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PR vs. marketing: What’s the difference?


As technology continues to advance, the lines between marketing and public relations have blurred. One of the main reasons that help explain this increasing connection between both functions is social media. Social media can serve numerous purposes that are often not delegated specifically to public relations or marketing departments. As noted by Rebecca Nee, an associate professor at San Diego State University, the increasing use of social media among public relations and marketing professionals is increasing the overlap between the two fields.


Despite these similarities, the purpose of each discipline remains distinct. To better understand the differences, it can be helpful to begin by looking at their definitions.


What is public relations?


“Public relations is the management function that establishes and maintains mutually beneficial relationships between an organization and the publics on whom its success or failure depends.” This well-known definition from Cutlip, Center and Broom’s Effective Public Relations portrays public relations as relationship management. To achieve goals, organizations must cultivate effective relationships with several different publics, such as employees, customers, local communities, or shareholders.


PR practitioners focus on changing their public’s knowledge, attitudes, and behaviors. Kay Seiden, associate director of marketing at Colorescience, a specialty skincare and cosmetics company, says that “public relations is thinking more about the insights that drive product development and driving awareness. It’s sharing the message and maintaining the relationships with people.”


What is marketing?


Marketing can be defined as a management function that identifies human needs and wants to deliver products and services to users in exchange for something of value to the provider. Marketing handles product, prize, distribution, and publicity. Marketing focuses on customer needs and wants, and is an element of exchange.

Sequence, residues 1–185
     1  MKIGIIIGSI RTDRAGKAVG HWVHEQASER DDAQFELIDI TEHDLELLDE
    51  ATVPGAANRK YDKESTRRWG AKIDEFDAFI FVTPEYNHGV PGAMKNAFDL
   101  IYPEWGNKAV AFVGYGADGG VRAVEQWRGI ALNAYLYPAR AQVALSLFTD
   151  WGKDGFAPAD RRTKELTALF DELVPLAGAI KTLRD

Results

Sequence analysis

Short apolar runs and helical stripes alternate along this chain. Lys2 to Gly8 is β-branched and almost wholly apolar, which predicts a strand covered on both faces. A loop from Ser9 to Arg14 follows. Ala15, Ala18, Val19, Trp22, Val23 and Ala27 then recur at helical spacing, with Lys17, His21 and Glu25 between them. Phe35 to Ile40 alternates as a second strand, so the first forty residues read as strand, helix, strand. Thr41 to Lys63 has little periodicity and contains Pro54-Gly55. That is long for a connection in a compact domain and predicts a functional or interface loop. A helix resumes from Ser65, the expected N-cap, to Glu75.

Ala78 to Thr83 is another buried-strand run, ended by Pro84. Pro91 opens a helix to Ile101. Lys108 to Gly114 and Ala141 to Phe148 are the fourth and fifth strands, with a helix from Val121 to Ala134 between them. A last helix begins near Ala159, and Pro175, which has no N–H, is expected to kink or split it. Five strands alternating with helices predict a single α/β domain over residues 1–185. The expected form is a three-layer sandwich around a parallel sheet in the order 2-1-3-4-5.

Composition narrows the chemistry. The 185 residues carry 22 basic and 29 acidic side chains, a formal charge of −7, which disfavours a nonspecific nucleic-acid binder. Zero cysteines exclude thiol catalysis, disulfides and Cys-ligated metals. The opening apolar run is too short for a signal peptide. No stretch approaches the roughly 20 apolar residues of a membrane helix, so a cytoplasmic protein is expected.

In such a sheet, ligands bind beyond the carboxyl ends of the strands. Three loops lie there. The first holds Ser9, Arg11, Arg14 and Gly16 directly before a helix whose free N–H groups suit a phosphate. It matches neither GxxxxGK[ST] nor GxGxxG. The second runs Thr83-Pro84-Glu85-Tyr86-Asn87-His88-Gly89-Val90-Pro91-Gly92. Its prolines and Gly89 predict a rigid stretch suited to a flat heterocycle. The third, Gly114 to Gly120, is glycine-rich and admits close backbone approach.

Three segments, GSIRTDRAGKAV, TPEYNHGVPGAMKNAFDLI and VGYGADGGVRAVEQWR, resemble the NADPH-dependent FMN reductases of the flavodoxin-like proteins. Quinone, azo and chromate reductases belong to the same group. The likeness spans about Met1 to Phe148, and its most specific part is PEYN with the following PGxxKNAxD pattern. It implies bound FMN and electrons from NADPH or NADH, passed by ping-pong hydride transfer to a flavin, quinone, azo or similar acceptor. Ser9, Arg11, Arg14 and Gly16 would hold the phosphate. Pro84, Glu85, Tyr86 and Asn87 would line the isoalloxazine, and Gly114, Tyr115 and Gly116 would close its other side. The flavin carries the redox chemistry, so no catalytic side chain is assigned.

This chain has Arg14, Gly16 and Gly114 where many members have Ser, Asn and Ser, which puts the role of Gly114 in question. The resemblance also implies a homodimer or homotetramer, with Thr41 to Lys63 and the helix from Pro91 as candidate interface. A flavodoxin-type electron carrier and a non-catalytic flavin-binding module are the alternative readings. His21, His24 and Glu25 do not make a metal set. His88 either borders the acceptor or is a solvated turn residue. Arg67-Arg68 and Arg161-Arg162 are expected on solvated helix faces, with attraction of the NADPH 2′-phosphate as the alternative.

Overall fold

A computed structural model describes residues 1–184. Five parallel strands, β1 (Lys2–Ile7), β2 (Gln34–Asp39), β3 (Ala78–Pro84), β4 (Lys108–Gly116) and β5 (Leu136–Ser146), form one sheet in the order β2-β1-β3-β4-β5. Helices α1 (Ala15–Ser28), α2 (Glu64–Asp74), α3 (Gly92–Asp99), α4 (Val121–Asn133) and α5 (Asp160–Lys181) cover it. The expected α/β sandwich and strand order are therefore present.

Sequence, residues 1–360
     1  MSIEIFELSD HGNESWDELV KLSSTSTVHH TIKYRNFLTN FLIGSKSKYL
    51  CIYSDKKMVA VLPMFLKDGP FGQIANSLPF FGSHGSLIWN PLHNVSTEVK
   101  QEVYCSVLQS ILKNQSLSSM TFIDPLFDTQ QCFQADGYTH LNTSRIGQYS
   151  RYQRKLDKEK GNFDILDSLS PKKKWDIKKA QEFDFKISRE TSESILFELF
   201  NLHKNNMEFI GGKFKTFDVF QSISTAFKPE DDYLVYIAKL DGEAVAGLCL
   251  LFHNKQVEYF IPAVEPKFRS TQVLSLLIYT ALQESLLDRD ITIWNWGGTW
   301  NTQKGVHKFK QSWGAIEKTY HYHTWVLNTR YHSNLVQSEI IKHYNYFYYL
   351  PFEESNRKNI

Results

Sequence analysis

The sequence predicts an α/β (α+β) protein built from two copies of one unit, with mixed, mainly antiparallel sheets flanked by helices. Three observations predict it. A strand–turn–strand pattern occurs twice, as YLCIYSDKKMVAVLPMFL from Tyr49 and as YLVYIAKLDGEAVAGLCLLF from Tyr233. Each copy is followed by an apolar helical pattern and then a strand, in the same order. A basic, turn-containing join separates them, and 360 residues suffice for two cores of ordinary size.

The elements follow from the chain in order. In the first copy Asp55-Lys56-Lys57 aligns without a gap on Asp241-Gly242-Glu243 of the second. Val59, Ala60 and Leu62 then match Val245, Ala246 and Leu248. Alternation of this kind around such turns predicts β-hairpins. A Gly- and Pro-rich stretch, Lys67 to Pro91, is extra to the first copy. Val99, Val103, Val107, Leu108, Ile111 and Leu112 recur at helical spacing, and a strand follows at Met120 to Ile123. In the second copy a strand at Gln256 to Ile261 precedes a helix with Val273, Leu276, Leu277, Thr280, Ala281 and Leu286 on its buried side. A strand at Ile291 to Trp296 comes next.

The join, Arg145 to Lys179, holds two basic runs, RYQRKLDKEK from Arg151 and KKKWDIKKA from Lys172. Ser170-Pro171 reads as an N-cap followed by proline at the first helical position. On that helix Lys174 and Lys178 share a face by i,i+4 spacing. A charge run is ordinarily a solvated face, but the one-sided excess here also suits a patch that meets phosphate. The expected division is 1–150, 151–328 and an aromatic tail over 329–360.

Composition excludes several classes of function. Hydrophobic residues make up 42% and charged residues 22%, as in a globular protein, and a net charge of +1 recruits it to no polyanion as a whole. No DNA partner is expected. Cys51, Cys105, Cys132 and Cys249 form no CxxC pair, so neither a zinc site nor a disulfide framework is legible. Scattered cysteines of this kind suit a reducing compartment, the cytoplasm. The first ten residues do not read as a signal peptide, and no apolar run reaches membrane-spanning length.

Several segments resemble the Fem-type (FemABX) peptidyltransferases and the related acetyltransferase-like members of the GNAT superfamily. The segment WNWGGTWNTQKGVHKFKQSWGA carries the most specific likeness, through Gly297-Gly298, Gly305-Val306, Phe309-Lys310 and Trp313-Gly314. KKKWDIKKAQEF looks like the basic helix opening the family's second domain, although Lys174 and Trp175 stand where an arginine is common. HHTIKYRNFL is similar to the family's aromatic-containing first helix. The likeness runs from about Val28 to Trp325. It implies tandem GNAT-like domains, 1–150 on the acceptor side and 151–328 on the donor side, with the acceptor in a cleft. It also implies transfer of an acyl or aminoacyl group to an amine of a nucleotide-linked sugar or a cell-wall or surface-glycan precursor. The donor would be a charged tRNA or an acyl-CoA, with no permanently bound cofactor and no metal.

Seiden states that marketing is spending more time on consumer insight, such as “what’s driving the person to want to buy your products?” It’s about crafting the message to the right people and positioning it to them.


What’s the difference?


Overall, marketers are focused on securing market share by attracting customers. In other words, they are predominantly concerned about satisfying the needs and demands of current and potential customers. They do this by communicating, delivering and exchanging products or services that are valuable to customers. Public relations practitioners, on the other hand, are focused on building relationships with their publics. Relationships are not exchangeable products. They are developed over time by building trust and commitment with a wide range of publics.


Why do Public Relations and Marketing overlap?


Marketing and public relations practitioners have distinct roles within an organization. However, smaller organizations will often have the same person executing both PR and marketing. According to Nee, small companies most likely won’t invest in two different work positions. Our current use of the latest social media apps makes it easier for smaller companies to combine the two. However, organizations need to be able to distinguish the purpose and role of public relations and marketing.


By Britanny Lam

Brittany, a senior student at San Diego State University, is studying Journalism with an emphasis in Public Relations. Lam is double minoring in Communications and Counseling & Social Change. Currently, she is a Marketing Intern at Colorescience and hopes to work in the beauty or fashion industry after graduation.

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